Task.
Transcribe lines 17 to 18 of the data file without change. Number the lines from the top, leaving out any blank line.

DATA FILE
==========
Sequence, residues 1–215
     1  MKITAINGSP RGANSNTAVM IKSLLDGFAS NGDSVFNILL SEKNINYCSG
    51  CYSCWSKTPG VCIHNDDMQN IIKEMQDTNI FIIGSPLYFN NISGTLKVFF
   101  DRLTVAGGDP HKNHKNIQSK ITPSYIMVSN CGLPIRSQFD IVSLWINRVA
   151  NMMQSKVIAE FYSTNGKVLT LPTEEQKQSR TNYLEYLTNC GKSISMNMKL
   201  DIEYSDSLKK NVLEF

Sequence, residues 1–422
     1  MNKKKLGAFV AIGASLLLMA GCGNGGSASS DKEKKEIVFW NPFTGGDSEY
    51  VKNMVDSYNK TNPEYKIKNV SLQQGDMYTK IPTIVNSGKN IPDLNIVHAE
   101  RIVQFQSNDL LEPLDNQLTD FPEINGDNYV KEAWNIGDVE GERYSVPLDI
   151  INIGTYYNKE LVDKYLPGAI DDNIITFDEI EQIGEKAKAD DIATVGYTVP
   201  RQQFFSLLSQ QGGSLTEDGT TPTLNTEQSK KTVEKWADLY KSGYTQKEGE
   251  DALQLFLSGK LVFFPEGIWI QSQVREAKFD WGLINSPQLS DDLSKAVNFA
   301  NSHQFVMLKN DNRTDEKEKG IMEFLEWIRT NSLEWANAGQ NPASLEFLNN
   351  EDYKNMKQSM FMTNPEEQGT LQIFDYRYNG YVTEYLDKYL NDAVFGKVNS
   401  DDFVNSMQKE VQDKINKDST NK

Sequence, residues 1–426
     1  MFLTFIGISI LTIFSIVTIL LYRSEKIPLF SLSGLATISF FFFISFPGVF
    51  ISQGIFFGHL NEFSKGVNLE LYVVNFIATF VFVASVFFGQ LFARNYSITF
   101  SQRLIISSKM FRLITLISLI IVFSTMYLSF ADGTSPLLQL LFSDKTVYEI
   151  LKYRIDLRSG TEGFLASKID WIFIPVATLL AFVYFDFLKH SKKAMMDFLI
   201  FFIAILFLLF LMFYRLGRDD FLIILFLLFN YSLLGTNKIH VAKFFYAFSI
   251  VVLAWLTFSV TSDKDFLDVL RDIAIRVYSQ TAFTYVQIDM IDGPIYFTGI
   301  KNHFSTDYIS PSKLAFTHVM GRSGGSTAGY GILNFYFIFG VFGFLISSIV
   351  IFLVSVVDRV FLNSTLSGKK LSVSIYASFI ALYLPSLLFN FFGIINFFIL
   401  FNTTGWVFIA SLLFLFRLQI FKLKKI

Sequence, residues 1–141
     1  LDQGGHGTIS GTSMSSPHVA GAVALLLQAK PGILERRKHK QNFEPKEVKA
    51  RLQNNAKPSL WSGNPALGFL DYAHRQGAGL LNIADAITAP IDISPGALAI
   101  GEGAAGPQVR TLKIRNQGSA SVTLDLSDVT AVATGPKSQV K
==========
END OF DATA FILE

Sequence, residues 1–426
     1  MFLTFIGISI LTIFSIVTIL LYRSEKIPLF SLSGLATISF FFFISFPGVF